Dot Stool by Marco Krammer

The "Dot Stool" is a solid linoleum stool for interiors, designed in two versions from pinboard linoleum, the so-called bulletin board. At 6mm, bulletin board linoleum is Forbo's thickest linoleum product. So far, however, it has been used mainly in two dimensions. The "Dot Stool" explores the possibility of three-dimensional use and shows design possibilities for creating a homogeneous volume. The "Dot Stool" consists of 76 glued layers of pinboard linoleum, terminated by a centered wooden rod, which secures the individual layers against horizontal displacement.

Våg by Hanna Leiber

"Våg" is a modular shelving system with flexibly movable shelves that can be adapted to the room and can also be used as a room divider. Not only the wooden shelves made of veneered three-layer boards provide storage space, but also the linoleum loops between the shelves provide a storage option for magazines. The linoleum, along with aluminum T-sections embedded in the wooden cross braces, allows for horizontal flexibility of the shelves. The structural solid wood brackets are made of local ash wood from the Lake Constance region. The precise system can be applied to different shelf sizes.

The Dress by Muyang Wang

Linoleum is both flexible and stable. The furniture collection of bench and stool is made exclusively of linoleum to show its properties as much as possible. The seat is a composite of 5 layers of linoleum glued together. Vertically, the board is even more resilient, so even a thinner linoleum composite was used for the construction. The furniture consists of two basic forms each: the seat and legs. These consist of 3-4 curved multilayer linoleum surfaces, connected at the corners. The shape of the legs and the sloping edge of the seat provide a light and elegant look - and thus resemble a dress.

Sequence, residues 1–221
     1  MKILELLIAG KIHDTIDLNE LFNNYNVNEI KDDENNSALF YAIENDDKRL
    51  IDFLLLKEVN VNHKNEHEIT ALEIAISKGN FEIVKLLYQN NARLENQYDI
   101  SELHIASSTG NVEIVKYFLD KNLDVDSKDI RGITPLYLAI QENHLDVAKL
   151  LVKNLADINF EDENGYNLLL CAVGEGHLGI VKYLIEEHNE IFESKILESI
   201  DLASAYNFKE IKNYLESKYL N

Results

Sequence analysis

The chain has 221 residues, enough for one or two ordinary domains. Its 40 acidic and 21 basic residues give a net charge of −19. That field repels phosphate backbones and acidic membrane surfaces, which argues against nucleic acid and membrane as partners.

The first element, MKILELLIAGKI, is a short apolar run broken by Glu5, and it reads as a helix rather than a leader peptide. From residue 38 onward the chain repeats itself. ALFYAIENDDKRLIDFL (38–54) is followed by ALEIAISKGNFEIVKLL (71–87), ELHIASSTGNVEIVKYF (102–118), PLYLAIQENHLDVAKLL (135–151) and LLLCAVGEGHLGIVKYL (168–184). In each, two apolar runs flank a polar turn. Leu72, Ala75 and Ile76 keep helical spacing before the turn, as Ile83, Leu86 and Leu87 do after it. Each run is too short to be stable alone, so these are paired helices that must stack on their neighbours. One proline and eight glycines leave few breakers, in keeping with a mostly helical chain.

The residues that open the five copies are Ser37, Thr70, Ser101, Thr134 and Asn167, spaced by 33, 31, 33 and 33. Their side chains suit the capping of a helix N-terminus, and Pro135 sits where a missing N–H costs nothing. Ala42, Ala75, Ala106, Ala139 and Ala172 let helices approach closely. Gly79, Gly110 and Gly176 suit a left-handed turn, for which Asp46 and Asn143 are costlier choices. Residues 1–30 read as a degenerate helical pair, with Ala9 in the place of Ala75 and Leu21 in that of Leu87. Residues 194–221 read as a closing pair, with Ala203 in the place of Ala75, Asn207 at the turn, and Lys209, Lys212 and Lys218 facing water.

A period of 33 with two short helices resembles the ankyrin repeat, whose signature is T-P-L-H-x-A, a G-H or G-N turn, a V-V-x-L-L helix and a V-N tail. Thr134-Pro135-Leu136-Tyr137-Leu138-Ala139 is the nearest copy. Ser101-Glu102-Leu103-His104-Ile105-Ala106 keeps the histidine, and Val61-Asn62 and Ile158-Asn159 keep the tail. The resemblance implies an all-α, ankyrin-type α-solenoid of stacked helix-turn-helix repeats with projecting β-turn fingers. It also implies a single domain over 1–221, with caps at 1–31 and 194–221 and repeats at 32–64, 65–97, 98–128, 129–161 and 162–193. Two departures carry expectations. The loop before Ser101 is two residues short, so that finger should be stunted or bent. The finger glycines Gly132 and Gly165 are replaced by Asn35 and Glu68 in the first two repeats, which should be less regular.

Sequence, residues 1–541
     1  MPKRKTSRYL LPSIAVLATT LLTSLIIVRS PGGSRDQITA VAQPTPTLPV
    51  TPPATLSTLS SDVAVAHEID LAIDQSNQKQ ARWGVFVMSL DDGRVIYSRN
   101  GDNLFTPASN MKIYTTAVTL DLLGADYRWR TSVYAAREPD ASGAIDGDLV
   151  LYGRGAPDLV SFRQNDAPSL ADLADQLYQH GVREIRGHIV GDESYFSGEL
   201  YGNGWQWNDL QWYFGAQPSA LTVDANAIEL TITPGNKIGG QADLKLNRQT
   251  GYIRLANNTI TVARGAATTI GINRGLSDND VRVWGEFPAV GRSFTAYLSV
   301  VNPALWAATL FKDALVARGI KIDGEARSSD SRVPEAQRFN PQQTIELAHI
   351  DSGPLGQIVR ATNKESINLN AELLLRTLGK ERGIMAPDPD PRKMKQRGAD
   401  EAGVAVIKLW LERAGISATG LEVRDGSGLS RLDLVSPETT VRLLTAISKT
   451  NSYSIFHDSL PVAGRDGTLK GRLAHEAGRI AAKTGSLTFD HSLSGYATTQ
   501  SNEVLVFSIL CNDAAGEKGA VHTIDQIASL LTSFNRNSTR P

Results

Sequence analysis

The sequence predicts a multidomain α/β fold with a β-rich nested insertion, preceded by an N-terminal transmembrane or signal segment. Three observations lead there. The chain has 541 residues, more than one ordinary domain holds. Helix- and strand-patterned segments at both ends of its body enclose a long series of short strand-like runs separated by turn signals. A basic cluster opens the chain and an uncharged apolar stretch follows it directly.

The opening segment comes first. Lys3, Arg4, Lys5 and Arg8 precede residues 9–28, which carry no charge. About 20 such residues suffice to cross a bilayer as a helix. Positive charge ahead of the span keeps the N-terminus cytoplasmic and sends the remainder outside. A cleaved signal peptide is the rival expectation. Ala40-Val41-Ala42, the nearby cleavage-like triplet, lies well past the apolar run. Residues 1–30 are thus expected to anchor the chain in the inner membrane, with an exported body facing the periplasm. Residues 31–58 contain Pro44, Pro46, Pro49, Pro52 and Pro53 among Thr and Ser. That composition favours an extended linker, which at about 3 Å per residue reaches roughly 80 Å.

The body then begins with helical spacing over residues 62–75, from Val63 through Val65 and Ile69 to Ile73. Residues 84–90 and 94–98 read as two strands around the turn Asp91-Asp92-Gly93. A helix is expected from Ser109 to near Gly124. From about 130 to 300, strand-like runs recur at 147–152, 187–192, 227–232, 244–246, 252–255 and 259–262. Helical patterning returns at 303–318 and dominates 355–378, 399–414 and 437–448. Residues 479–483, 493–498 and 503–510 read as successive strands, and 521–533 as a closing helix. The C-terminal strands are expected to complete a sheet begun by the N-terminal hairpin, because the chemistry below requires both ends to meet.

Boog by Julia Walter

"boog" is a sturdy stool with an "all-over lino look" that can also be used as a side table thanks to its flat, planar top. The concept is based on linoleum as a stock item: the linoleum roll is a compact form of the flat material and can be bent particularly well in one direction. This was conceptually transferred to three two-layer linoleum arches, which are freely suspended and clamped in a wooden substructure. The arches are the defining element of the design and at the same time provide a pleasant seating comfort. Furniture glides made of bulletin board protect the floor and create a shadow gap that makes the solid stool float.

Alba by Sophie Heyer

Inspired by organic shapes, computer-generated design and modern manufacturing methods, "Alba" was born. The versatile table lamp invites intuitive use and consists of two parts: the lamp itself and the organically shaped base, which allows playful, free positioning of the lamp. Dimmability allows you to create both atmospheric and functional light. Made of layered pinboard linoleum, "Alba" encourages you to try it out and touch it. The bulb is battery operated, the base acts as an inductive charging station and the switch responds to touch.
The design was awarded by the competition one & twenty 2023 (shortlist).

More designs

Rocking horse rs by Sonja Matt, Bender by Peter Schäffer

Madarica Table by Lea Proß, Roll'n'Go by Anna Hertel

Exhibitions and publications

Exhibition on the Forbo Booth at Interzum Furniture Fair

Exhibition at Blickfang design fair